Frequently Asked Questions
Please contact our customer service line at BulbCycle to get more information at 858-412-6536 or email us at firstname.lastname@example.org
Universal wastes are types of specific hazardous wastes that organizations manage in a less rigorous manner than hazardous wastes.
Universal Wastes include:
Lamps – Including fluorescent, high intensity discharge (HID), sodium vapor, mercury vapor, neon, and incandescent lamps
Batteries – Including spent dry cell and lead-acid batteries
Pesticides – Including certain suspended, canceled, or unused pesticides
Devices containing elemental mercury – Including thermostats, switches, thermometers, manometers, barometers, and various medical devices
The most useful way to learn if your waste is considered hazardous is the Toxicity Characteristic Leaching Procedure (TCLP) test. Fluorescent bulbs and their broken fragments fail the TCLP test and are considered hazardous waste. Other hazardous items that BulbCycle offers recycling kits for include (but are not limited to): ballasts, CFLs, U-Bend bulbs, HID bulbs, dry cell batteries, and alkaline batteries.
Organizations should manage their spent lamps and bulbs as hazardous waste in accordance with their federal, state, and local requirements.
Mercury is commonly found in fluorescent and other types of lamps. A broken lamp releases the mercury into the air, ground and possibly ground water. It also will accumulate in living tissue of animals and humans and in large enough amounts it can cause serious health conditions.
Yes, we have recycling containers that are designed for broken lamps. The other containers are designed for unbroken fluorescent lamps. We do understand that many bulbs break during transportation and our recycling partners will still accept them for processing.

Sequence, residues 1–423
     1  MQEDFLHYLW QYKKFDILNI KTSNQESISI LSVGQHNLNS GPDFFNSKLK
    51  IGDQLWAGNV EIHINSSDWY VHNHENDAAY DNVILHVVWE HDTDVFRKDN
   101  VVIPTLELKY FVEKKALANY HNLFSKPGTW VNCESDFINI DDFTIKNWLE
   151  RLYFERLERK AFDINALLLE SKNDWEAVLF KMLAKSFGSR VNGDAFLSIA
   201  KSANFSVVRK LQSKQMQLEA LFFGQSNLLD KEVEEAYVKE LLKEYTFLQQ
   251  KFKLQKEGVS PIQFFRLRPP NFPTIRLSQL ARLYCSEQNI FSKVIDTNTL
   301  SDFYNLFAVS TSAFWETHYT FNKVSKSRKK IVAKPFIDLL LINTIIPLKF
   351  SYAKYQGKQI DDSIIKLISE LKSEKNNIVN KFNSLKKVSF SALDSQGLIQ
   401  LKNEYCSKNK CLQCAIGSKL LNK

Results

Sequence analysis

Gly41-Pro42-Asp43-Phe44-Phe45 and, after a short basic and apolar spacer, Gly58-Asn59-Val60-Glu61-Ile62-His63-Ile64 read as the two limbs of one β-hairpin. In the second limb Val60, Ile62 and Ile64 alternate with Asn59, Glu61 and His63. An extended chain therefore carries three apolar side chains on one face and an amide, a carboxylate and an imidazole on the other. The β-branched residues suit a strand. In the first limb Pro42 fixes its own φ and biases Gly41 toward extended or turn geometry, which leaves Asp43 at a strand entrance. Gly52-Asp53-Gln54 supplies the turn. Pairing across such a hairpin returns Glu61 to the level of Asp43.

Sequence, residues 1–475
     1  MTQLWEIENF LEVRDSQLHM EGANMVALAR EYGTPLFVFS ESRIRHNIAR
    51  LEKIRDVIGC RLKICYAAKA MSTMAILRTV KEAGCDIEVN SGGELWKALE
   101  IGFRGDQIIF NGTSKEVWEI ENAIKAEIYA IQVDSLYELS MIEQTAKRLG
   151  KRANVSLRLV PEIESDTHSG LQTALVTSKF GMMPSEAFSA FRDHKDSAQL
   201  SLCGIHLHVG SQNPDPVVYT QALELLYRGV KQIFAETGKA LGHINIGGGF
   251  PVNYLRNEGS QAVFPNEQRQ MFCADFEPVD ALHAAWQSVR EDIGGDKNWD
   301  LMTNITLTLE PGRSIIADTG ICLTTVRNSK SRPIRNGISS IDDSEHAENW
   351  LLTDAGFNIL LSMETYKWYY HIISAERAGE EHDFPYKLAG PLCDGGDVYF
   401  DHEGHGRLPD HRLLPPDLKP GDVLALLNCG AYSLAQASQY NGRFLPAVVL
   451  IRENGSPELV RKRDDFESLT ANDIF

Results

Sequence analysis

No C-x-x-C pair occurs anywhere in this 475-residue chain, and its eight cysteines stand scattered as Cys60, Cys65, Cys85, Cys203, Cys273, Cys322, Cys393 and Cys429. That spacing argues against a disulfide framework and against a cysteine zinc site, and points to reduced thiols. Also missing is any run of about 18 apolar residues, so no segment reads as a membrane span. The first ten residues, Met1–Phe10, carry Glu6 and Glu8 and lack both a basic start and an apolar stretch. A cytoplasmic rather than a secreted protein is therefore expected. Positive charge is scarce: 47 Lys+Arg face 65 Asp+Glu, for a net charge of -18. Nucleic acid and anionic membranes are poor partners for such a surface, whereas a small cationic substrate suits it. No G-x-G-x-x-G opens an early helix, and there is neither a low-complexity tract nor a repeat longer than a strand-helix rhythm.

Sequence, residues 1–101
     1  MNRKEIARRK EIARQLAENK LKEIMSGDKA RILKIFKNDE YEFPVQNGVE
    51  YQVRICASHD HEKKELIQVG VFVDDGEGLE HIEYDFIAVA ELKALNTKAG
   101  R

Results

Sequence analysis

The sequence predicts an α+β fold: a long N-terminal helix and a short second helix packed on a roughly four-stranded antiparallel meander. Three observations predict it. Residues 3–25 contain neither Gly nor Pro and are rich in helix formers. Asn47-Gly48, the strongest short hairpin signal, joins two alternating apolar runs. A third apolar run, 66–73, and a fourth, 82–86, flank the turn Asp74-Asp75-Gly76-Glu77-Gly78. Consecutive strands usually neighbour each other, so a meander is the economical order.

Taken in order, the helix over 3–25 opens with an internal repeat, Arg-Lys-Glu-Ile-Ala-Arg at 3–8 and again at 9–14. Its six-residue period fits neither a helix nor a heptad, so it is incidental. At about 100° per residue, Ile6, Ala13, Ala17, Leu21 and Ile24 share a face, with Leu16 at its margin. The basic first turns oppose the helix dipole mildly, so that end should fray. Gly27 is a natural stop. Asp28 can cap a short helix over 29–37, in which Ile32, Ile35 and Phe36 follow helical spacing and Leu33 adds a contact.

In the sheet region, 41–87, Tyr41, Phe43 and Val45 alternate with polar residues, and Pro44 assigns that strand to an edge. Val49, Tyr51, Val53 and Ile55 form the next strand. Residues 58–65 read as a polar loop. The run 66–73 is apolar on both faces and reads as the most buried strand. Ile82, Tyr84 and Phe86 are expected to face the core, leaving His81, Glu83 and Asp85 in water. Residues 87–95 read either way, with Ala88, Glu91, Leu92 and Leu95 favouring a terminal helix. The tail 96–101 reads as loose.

The amount of containers to order depends on the quantity and types of materials. It depends on the amount of waste you generate. It usually helps to order one more container than you need, that way you’ll always have one on-site while the other is being shipped back. Each container has a waste limit specified in the product details section. Review the details of each recycling kit in our store to see how much each kit holds.
The diameter of a lamp is measured in eighths of an inch and expressed as a “T” number, such as T8 (equals 8/8’s or one inch) and T12 (equals 12/8’s or an inch and a half diameter).
Intact Lamps – Try to keep lamps taped together to reduce breakage. It is best to keep them in the boxes they came in if possible.
Crushed Lamps – Crushed lamps should be stored in a locked steel 55-gallon drum complete with locking ring without any other types of items inside.
Ballasts – Non-leaking ballasts should be placed in plastic bag or liner and stored in a locked 55-gallon steel drum and without any other types of items inside.
Batteries – Batteries need to be sorted by type and secured in a box or bag to reduce spilling. Most companies store them in a 5-10 gallon bucket. Large batteries should be carefully laid on pallets with sheets of cardboard on top of the terminals of each row of batteries. Make sure nothing is leaking.
Computers – Computers and e-waste should be stored in large gaylord boxes or on pallets. They should be shrink-wrapped and properly secured to the pallet.
BulbCycle processes all of its clients’ waste with licensed partner facilities within the United States. When a battery is recycled it is sorted by type and placed into bins for reclamation, cancellation and recycling.
When your waste is picked up or shipped to us directly all the material is recycled and disposed of into machines that break apart and separate all of the different types of materials. For bulbs, after the glass is cleared of all mercury and other materials it is then reused to make other products. Once the bulbs are fully processed a recycling certificate is generated for your records.